#1 Ban devices
When you invite colleagues to a meeting, let them know it will be a device-free meeting. Leave a tray at the door and ask everyone to put their phones, tablets, and other devices into the tray as they enter. Encourage everyone to take notes with a pen and paper – even the minutes don’t need to be done on a laptop; they can be typed up and distributed later. Not only does it stop people fidgeting with their digital devices and you know they are paying attention, studies have shown that writing things down aids our retention and later recall of information.
You can eliminate the pings of digital interruption at your desk too; there are plenty of productivity apps available that temporarily block your email and social media notifications for a short time – facilitating similarly short bursts of highly productive working without distraction. Or, where possible, work offline completely.
#2 Get the environment right
Make sure your workspace is comfortable. In the meeting room, make sure everyone has access to water. Keep your water bottle at your desk, so you stay hydrated and don’t have an excuse to wander off to the water cooler when distraction bites. Let your colleagues know you are focusing on a particular piece of work. Wearing your headphones (even if you’re not listening to anything) can be a powerful signal you shouldn’t be interrupted.
#3 Aim for short bursts of activity
Be clear about what you want to achieve. Break larger tasks into smaller jobs. Write a checklist and as you tick an item off, give yourself a little reward – whether a walk round the block, a stroll to the coffee shop, or even crossing that item off your list can be a reward in itself. Having an end-point makes it easier to train yourself to stay focused longer; at least until you have finished the task at hand.
It sounds counter-intuitive, right? But doodling has been shown to help with concentration, particularly when listening. So, pull out the pen and paper, reinstate the desk pad, revel in your sketches and unleash some of the creativity you need to get through that meeting, phone call, or group chat.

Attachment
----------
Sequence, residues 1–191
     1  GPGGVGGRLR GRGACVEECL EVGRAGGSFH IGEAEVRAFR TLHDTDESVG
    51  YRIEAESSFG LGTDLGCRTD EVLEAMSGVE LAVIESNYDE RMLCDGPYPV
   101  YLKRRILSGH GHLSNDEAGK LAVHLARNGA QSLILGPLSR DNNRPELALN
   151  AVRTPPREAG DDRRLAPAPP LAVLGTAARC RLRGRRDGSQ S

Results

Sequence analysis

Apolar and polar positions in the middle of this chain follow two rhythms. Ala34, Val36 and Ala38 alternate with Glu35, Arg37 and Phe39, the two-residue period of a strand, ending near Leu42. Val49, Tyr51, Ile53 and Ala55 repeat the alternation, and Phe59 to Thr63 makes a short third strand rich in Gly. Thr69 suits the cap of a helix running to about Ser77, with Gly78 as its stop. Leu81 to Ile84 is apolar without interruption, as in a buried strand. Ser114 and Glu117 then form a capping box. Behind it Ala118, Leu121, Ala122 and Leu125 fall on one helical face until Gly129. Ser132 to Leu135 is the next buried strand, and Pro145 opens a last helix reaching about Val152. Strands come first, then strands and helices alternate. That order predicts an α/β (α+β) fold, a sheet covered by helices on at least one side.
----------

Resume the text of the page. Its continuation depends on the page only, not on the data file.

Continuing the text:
#5 Acknowledge and refocus
If something does intrude into your carefully constructed environment of focused working, don’t try to blot it out. If the noise from the building site down the street is drowning out your presentation, call it out. Everyone in the room can relax, acknowledge it, and then you can bring their attention back to the presentation, distraction carefully neutralized.
#6 Plan for failure
Sometimes things don’t go to plan: technology doesn’t want to play ball, the hardware you ordered isn’t in the conference room, the available bandwidth is just a trickle. Have a back-up plan. For example, if you’re giving a presentation, know it well enough to progress without the PowerPoint on screen, and have paper handouts ready just in case.
#7 Plan for the future
In meetings, take minutes and distribute them afterwards to everyone who attended so everyone is clear about the output and their responsibilities. If you’re scheduling a follow-up meeting, get the date and time booked while everyone is still in the room. If you’re giving yourself a little break before moving onto the next task on your list, get everything you need ready on your desktop. This way, you are able to quickly get started as soon as you get back to your desk. Make it easy for your next short bust of high concentration to get underway quickly without procrastination or distraction.